Just listen to this summary of what it “costs” to read a book:
Self-publishing companies may produce books for less than $5, but how much does all this production cost readers? In ‘So Many Books,’ Zaid playfully writes that ‘if a mass-market paperback costs $10 and takes two hours to read, for a minimum-wage earner the time spent is worth as much as the book.’ But for someone earning around $50 to $500 an hour, ‘the cost of buying and reading the book is $100 to $1,000’ — not including the time it takes to find out about the book and track it down.
“You’re an Author? Me Too!” NYT, April 27, 2009 by Rachel Donadio.
Oh, the agony of connecting to the imagination, our own boundless minds!
It's good that Zaid “playfully” draws this comparison, rather than have anyone take these remarks seriously. In the conclusion of my dissertation on Blake, bpNichol and Kenneth Patchen, I also jokingly provided a formula for the “cost” of poetry in terms of energy used to produce the materials, hours worked, and value of the paper—in trying to materially quantify the value of my dissertation. Ideas of the “worth” of poetry are perplexing, as every poet I know is attempting to actualize his or her creative potentials to the fullest extent possible as a value. But again and again, I find there always seems to be a needed justification for the activity. What basic questions are we asked about our efforts, if we don't achieve popularity, or some factual gain? On the one hand, a “valuable” set of questions is being asked of writers, and on the other, most writers ask themselves about their place in the larger society, the relation of writing to economy (always a complicated affair, but an important one), but also about the meaning of the activity for all of their other relationships, communities, writing friends & casual connections. How do we frame our aesthetic ideas, and our reasons for taking up the work? As a project? A poetics? I’ve found that writing is often an affirmation (if not a complication) of personal relationships, social responsibility, and an endlessly renewable resource. But as a less-than-perfect communicator myself, I've learned that the poem, its forms, its disturbances, as well as its theatrical dimensions (entertainment value) are a way of thinking through again. The poem is an amazing form of concentration and is a way of thinking through the senses themselves.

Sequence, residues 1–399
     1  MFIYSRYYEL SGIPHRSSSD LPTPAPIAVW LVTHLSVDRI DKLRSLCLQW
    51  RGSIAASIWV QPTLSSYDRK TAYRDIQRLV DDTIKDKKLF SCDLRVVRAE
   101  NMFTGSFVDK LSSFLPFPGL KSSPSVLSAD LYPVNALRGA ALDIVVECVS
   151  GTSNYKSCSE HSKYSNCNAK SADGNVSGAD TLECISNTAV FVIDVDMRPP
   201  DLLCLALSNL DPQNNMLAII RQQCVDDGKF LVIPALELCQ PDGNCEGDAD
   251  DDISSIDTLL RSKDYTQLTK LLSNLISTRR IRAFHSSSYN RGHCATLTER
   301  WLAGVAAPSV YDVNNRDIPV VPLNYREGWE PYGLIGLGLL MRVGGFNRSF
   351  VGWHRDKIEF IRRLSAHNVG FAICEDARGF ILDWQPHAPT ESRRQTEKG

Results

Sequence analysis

The other day a friend of mine reminded me that she doesn’t “get” contemporary poetry or painting; even though she is, on her own terms, a very accomplished new media artist. I take her opinions seriously, and feel the questions she raised needed to be addressed.
One important found-by-the-blog comment has helped me address this question of audience-v-value. Bob Grumman (an eminent visual poet) breaks down some of the basic, though necessary distinctions for why a lot of people don't like capital P poetry. He is responding to a rather lunkheaded essay he read in the New Criterion (bleech!) that laments poetry’s “loss of audience” since the days of Longfellow. I’m often faced with the “audience” question myself. It's one reason I decided to include a meter that counts the number of visits to my blog. Grumman explains that poetry is not “popular” simply because the prevalent cultural examples of poetry are poorly defined. Distinctions should be made about the multitude of reasons for reading a poem. We often forget just how much poetry is readily available in any number of places & in many different forms. The issue centers on which poetic forms are defined in ways that announce themselves as “poems”: